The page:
Ford shifts making of electric car from Michigan to Mexico
Ford is changing gears again in Mexico, shifting planned production of a small electric-powered sport utility vehicle to a plant south of the border instead of a Michigan factory.
Sending the electric vehicle to Mexico, where labor costs are lower, will help the business case for the costly model. It also risks raising the ire of President Trump, who had been sharply critical of an earlier plan by Ford to build a small car factory in Mexico that the company ultimately canceled.
“They have to do what’s best financially and this electric vehicle is not going to be huge” in terms of sales volume, said Michelle Krebs, an analyst with car-shopping website Autotrader. “It’s not like they’re not putting money into the U.S.”
Moving production of the as-yet-unnamed electric SUV to Mexico will allow the carmaker to boost planned output of selfdriving vehicles at its factory in Flat Rock, Mich. The Wall Street Journal reported the automaker’s change of plans earlier.
Ford is boosting its investment by $200 million and adding 150 more jobs to the Michigan plant as part of the shift, Mark Truby, the company’s communications chief, said in an email. The driverless car is to debut in 2021.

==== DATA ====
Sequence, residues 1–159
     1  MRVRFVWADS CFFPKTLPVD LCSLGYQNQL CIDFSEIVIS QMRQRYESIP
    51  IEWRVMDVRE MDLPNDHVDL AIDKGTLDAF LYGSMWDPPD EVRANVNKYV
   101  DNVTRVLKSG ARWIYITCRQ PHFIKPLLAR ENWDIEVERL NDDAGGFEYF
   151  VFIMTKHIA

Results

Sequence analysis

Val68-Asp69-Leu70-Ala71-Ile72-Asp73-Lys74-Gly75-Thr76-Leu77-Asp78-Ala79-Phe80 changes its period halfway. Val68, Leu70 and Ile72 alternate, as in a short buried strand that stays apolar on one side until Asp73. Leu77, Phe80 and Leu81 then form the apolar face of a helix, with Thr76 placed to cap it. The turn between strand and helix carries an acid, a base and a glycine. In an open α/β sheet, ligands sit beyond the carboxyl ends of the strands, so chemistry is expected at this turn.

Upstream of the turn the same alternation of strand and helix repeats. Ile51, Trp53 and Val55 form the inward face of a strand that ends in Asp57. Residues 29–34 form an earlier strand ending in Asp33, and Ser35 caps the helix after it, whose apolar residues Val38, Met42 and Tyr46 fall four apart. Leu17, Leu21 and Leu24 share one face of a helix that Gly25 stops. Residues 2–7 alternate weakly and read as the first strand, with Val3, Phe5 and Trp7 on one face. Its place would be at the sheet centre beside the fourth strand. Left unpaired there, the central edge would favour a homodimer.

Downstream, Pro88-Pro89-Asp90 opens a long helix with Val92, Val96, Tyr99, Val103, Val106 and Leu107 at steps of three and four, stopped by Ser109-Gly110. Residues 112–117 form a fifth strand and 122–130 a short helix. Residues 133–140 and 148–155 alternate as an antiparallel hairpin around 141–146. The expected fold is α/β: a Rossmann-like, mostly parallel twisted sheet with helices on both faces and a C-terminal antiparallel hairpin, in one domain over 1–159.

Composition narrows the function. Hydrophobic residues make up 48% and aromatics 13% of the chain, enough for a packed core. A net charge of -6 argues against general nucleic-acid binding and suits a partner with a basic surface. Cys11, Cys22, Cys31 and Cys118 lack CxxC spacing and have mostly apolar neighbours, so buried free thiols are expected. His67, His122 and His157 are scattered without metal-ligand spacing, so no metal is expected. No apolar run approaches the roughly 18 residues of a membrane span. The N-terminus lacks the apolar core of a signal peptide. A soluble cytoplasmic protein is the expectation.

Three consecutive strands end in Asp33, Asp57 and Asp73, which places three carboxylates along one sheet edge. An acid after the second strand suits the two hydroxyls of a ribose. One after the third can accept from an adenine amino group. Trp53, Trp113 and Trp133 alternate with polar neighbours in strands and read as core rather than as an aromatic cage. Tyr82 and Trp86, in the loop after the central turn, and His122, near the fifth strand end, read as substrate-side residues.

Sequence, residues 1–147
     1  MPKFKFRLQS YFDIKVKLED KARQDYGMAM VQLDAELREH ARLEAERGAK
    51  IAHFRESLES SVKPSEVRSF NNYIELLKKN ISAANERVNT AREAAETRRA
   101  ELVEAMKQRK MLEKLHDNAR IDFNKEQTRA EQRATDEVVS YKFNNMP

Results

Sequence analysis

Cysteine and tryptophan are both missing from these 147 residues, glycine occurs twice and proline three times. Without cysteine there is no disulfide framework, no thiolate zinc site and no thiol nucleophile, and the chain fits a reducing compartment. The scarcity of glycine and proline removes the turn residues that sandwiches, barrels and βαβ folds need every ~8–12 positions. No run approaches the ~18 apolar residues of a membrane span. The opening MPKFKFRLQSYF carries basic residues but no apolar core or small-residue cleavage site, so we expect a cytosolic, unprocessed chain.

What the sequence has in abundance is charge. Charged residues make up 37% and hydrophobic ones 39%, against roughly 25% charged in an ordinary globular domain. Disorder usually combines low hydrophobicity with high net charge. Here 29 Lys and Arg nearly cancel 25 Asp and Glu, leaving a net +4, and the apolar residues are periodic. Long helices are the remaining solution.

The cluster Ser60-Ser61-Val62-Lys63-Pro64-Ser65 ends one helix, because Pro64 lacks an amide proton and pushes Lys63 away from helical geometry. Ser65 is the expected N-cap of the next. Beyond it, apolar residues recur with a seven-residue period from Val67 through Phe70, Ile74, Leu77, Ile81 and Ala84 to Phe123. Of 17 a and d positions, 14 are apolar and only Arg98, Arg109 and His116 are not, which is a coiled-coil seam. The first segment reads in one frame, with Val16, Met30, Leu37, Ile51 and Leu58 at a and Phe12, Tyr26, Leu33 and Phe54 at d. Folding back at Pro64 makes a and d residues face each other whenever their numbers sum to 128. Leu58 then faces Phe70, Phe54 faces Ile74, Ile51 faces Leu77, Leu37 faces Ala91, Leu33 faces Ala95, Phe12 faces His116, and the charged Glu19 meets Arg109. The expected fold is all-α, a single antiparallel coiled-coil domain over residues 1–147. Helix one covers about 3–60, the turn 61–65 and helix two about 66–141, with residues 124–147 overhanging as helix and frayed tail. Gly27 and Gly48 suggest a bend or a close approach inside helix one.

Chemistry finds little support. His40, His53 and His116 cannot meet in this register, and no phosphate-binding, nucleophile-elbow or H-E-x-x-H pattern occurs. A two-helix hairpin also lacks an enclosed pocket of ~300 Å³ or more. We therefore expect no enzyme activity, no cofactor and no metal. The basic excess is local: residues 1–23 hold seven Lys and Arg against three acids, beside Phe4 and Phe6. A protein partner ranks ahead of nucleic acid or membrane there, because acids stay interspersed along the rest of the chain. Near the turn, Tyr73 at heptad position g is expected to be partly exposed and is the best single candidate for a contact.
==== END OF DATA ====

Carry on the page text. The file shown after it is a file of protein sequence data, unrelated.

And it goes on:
The SUV to be built in Mexico starting in 2020 will go 300 miles on a single charge and is the centerpiece of a planned $4.5 billion overhaul of Ford’s lineup to add 13 electric or hybrid models, including a gas-electric F-150. Ford has been viewed by Wall Street as playing catch-up to rivals such as Tesla and General Motors, which already sells the battery-powered Chevy Bolt and plans to introduce robot taxis in 2019.
Ford’s chief executive officer, Jim Hackett, has been accelerating the automaker’s moves in electric and autonomous cars, while announcing $14 billion in cost cuts to improve the what he calls the company’s “fitness.” After replacing Mark Fields as CEO in May, one of Hackett’s first moves was to shift a plan to make the Focus small car in Mexico to one of the automaker’s plants in China.
Trump did not tweet his displeasure this summer with Hackett’s plan to build small cars in China to be exported to the U.S., nor has he blasted the automaker after news broke Wednesday of the electric SUV’s shift to Mexico.
“Automakers have been out of the line of fire of late with so many other issues brewing in D.C.,” Krebs said, adding that the impact of the president’s planned changes to the North American Free Trade Agreement represents an “unknown” for Ford as it shifts the electric SUV to Mexico.
The self-driving car Ford will build in Michigan will be a commercial vehicle specifically designed for ride-hailing and delivery services, Jim Farley, executive vice president of global markets, wrote in a Medium post Wednesday. The automaker will begin testing the car in an unnamed city next year.
“Next year will be an important time for us as we begin to test both our self-driving technology and business model in a variety of pilot programs in the first city in which we plan to operate an autonomous vehicle business,” Farley wrote. Ford’s autonomous business will “serve leading companies, such as Lyft, in the movement of people and goods.”